AbstractThe paper revisits and qualifies existing insights on security design. A rich literature argues that tranching creates debt-like instruments that are robust to adverse selection or discourage wasteful information acquisition. Yet, for a given information structure, while tranching confines and liquefies the safe part of a cash flow (the insulation effect), bundling makes the risky part more liquid (the trading adjuvant effect). Moreover, tranching always has adverse welfare effects on information acquisition: It encourages (discourages) information acquisition when it should be deterred (encouraged). The paper provides conditions under which tranching reduces welfare even when the insulation effect dominates the trading adjuvant effect. The paper’s second contribution is to analyze the velocity of assets that are repeatedly traded. The dynamic model can be nested into the static one and insights are shown to be closely related to those on tranching. The central insight is that liquidity is self-fulfilling: A perception of future illiquidity creates current illiquidity.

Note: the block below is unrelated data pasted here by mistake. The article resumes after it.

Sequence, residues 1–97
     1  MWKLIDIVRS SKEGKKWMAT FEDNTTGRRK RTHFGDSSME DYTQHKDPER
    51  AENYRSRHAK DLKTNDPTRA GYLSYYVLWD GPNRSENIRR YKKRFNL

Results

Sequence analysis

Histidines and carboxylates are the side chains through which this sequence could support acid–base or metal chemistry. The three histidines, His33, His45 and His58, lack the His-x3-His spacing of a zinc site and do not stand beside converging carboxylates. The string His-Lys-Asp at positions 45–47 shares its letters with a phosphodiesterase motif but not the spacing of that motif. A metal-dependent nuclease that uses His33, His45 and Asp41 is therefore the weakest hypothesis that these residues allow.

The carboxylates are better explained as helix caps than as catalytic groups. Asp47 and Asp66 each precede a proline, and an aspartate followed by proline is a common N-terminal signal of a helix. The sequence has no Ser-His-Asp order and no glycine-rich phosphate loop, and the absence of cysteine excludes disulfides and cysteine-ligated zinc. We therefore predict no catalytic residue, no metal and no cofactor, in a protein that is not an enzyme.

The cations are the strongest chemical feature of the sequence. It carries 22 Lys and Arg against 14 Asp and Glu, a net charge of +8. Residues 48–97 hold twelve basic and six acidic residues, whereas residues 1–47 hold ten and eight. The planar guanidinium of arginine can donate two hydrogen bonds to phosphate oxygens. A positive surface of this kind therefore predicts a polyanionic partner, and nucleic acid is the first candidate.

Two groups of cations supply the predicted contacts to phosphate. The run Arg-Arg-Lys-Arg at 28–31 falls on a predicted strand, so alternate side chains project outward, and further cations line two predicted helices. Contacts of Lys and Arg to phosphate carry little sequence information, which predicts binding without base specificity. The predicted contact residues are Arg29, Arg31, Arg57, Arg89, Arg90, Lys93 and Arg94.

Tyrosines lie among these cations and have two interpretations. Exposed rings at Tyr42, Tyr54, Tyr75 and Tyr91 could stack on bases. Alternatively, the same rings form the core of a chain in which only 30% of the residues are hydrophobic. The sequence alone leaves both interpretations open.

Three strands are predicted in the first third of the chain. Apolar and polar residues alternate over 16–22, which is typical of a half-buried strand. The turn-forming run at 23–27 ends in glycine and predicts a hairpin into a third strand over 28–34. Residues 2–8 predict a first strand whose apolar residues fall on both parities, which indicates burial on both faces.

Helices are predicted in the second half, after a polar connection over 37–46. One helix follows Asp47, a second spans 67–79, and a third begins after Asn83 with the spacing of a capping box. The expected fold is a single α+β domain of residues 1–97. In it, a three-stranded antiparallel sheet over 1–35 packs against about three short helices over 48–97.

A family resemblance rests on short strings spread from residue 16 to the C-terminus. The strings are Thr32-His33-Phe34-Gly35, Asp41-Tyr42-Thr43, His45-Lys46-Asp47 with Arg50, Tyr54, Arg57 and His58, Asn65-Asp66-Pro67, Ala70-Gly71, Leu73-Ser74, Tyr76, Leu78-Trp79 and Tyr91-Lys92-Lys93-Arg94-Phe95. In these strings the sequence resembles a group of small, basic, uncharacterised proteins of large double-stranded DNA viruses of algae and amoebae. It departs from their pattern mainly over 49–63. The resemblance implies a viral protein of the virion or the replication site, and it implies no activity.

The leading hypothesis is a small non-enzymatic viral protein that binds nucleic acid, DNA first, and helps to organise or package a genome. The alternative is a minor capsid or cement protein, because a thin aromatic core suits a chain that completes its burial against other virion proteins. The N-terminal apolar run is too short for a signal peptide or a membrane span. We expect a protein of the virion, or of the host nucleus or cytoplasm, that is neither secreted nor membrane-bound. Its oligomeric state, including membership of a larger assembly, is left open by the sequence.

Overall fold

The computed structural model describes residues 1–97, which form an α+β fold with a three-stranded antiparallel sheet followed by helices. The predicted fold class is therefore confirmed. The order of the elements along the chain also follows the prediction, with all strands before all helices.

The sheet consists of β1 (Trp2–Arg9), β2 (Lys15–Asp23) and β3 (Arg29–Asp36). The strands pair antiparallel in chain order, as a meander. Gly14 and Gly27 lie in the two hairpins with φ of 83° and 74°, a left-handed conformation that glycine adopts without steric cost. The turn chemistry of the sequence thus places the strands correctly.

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Bibliographic InfoPaper provided by Institut d'Économie Industrielle (IDEI), Toulouse in its series IDEI Working Papers with number 736.
Date of creation: Jul 2012
Date of revision: Oct 2013
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Liquidity; velocity; security design; tranching; information acquisition.;
Other versions of this item:
- D82 - Microeconomics - - Information, Knowledge, and Uncertainty - - - Asymmetric and Private Information; Mechanism Design
- E51 - Macroeconomics and Monetary Economics - - Monetary Policy, Central Banking, and the Supply of Money and Credit - - - Money Supply; Credit; Money Multipliers
- G12 - Financial Economics - - General Financial Markets - - - Asset Pricing; Trading Volume; Bond Interest Rates
- G14 - Financial Economics - - General Financial Markets - - - Information and Market Efficiency; Event Studies; Insider Trading
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